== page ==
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Anne Wilson is a Chicago-based visual artist and Chair of the Department of Fiber and Materials Studies at the Art Institute of Chicago.Her practice employs a wide range of materials including human hair, thread, wire, glass and textiles to create sculptures, drawings, video animations and installations that investigate themes of time, loss and private and social rituals.

We visited with Anne at her studio in Evanston in connection with the Chicago art fair and were introduced to a new body of work that extends her previous investigation of social rituals but adds a politcal undercurrent. Instead of utilzing thread and cloth, Wilson undertook a residency at the Pilchuck School of glass making in Seattle and studied with master glass blowers. This collaboration produced work of stunning beauty. Glass threads wrapped around a bobbin-shaped core, shades of color - pinks like coral, yellow, peach - but mostly white gossamer, so delicate. These will be placed in an underlit tableau.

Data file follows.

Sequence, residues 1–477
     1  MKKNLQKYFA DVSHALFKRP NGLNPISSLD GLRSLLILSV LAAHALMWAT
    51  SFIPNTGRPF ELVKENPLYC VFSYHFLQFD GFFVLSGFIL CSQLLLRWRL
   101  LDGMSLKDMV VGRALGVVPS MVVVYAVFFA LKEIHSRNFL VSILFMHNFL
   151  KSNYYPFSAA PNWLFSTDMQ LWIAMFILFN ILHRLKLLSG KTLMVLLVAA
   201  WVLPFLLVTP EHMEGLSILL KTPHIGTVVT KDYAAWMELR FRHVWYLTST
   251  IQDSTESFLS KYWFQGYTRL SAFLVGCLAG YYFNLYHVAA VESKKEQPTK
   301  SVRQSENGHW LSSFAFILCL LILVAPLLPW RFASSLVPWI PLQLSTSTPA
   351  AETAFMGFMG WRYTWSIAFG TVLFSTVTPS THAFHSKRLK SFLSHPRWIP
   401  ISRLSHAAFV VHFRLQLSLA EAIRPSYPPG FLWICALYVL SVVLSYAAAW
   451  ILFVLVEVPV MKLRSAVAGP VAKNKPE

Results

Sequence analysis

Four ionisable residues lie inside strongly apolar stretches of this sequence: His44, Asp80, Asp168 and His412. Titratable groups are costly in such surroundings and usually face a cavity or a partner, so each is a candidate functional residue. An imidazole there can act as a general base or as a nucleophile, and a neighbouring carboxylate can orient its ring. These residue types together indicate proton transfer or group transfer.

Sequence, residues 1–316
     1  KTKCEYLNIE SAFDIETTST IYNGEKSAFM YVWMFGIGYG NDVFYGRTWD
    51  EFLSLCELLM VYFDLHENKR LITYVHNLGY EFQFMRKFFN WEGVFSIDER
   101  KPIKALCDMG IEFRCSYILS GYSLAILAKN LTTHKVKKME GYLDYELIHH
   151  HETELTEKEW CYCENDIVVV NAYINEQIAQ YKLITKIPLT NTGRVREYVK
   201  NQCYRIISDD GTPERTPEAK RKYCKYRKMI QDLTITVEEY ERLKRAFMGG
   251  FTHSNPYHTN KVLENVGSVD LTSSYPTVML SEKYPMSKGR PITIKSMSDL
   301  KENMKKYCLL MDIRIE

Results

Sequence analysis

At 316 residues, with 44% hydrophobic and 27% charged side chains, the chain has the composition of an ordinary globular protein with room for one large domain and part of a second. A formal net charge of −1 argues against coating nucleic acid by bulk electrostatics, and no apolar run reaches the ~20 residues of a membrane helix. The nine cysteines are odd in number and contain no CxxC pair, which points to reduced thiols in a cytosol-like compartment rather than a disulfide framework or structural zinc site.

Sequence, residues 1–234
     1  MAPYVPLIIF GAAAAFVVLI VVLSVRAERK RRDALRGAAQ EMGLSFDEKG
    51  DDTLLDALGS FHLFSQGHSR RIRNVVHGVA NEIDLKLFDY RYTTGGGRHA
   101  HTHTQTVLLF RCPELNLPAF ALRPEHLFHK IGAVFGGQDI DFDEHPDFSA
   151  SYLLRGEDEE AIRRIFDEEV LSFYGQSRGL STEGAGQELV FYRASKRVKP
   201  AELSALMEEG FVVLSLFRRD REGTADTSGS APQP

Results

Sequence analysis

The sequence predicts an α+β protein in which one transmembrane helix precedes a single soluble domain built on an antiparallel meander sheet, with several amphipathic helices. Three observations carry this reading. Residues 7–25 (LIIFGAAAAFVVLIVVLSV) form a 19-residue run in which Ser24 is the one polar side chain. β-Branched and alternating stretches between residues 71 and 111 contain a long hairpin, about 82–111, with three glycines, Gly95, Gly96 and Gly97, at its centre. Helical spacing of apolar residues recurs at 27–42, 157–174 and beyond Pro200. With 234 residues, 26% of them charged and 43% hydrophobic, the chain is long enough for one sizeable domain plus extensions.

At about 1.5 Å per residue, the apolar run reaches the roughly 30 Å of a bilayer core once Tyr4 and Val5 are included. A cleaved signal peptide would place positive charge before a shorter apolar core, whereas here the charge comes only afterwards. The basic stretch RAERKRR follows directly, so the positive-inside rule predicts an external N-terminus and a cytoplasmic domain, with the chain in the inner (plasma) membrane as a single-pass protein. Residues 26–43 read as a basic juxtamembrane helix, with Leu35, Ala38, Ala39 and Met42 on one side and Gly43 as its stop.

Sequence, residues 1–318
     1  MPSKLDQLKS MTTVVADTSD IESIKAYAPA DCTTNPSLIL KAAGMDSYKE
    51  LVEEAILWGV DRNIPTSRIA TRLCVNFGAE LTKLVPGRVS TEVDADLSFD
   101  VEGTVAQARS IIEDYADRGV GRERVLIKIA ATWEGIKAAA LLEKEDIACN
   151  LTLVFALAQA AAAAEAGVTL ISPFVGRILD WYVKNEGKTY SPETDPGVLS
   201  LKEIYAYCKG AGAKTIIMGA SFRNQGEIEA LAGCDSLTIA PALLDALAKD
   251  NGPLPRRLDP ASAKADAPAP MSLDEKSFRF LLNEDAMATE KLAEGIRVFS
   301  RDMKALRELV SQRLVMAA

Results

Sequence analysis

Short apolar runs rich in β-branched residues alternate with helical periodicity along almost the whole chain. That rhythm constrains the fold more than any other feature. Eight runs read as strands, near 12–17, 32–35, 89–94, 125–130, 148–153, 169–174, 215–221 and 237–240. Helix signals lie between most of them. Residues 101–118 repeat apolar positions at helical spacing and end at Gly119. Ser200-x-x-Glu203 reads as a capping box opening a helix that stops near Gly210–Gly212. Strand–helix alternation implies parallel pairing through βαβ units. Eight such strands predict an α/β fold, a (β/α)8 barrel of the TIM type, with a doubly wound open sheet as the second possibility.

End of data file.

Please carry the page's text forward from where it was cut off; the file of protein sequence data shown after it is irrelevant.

Her conceptual framework for this work lies in the recognition that virtually nothing we wear, no textiles, are produced in the United States today and the working conditions in the places where textiles are produced are questionable, at best. Anne Wilson creates these pieces of great beauty that lull us into asking what they are actually about and then give us a great deal to think about.

To learn more about Anne Wilson's work see her website or visit her page at Artadia - The Fund for Art and Dialogue

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Anne Wilson


Visual Arts
Modern Sculpture




Chicago Art Fair